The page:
Additionally, we are continuing to build our relationship with FEMA.

I met with FEMA Administrator David Paulison in May this year to continue discussions about our mutual desire to strengthen collaboration.

I am also very pleased that Susan has accepted our offer to attend this Forum and build on this relationship.

We can all be quickly overwhelmed in a significant event and it is important to have strong links and relationships in advance of a disaster and ensure we learn and operate in a supportive environment.

As Administrator Paulison said to me: “we need to avoid the situation where the Fire and Police Chiefs managing the Columbine shooting were introduced to each other at the scene”.

Some of you will be aware of the role that New Zealand Firefighters are playing in fighting forest fires in California.

This assistance is supplied under a mutual agreement between New Zealand and the United States.

I am about to sign a similar agreement for mutual assistance with Canada. Such arrangements give firefighters the opportunity to operate under a common management system, and to share information, research and technology.

I would like the CDEM sector to develop similar arrangements.

With this in mind, my officials are continuing the discussions with their FEMA and EMA counterparts on developing our arrangements further.

In the meantime, I would like to take this opportunity to announce that the Ministry will shortly be sponsoring the attendance of two Group Controllers to the Los Angeles International Earthquake Conference during November.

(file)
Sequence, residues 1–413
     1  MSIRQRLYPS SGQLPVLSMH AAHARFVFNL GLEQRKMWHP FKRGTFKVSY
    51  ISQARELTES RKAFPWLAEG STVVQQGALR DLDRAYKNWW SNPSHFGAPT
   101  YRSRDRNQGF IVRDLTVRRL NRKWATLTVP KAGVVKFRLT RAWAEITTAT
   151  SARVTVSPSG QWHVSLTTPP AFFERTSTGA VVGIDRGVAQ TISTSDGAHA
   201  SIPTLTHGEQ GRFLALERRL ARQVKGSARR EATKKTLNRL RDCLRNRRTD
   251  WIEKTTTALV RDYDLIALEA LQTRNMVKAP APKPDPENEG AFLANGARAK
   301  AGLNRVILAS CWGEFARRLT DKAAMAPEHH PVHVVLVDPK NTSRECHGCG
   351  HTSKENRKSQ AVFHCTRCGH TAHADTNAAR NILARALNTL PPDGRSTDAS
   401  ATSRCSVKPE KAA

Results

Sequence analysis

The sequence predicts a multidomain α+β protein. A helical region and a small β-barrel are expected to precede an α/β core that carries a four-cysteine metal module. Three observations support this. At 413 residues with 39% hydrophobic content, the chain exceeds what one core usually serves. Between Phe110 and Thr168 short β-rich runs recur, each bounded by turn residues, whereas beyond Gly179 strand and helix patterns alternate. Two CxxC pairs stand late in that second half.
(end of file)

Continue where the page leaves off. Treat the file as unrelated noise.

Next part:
The conference will include an opportunity to share experiences on a ranges of best practises used around the world. It will also provide an opportunity to witness the biggest earthquake drill in US history.

These closer relationships enable the spread of innovative ideas and practices, which are vital to the overall sector performance. Access to information, resources, tools and systems helps provide the sector with capability needed to capitalise on the innovations.

Research and innovation – is often the area of our role that is the most challenging, due to the high scrutiny and low public tolerance for mistakes. It is, of course, closely tied to demonstrating leadership.

How I’d describe CDEM today is that there are a few outstanding instances of research and innovation – particularly in the areas of public education and tsunami preparedness – but more needs to be done to develop this culture across the sector.

I’ve discussed with John Hamilton the types of changes that would be needed to bring this about. Some of these are drawn from my experiences as Minister for Courts and Minister of Customs. Ideas include:
• Less emphasis on process and more on championing new ideas and solutions from across the sector
• Finding examples of good practice and spreading knowledge about them
• Developing and using new measurement tools to promote continuous improvement
• Learning to take advantage of windows of opportunity and tipping points for new ideas and programmes.

These approaches can be picked up by us all.

As part of this, at lunch time you will have the opportunity to visit the Horizons-Manawatu Green Rig outside Parliament. I have seen it during one of my visits to their CDEM Group, and it is a treat for us all to have it here.

MCDEM is also continuing to implement its international engagement strategy, and is leveraging it for innovative ideas that we can borrow from overseas.

Later today John Hamilton will be discussing the research MCDEM has commissioned on mobile phone text warning systems, which was inspired in part by similar work being undertaken by Western Australia.

It is a challenge to encourage innovation from individual agencies, while at the same time striving for consistent standards across the sector. Our communications and relationships are vital to keeping a good balance.

In conclusion, enjoy your day – think about how the issues covered can apply to your role as a sector leader, and also take the time to talk and make connections with your colleagues from different parts of the country.

ends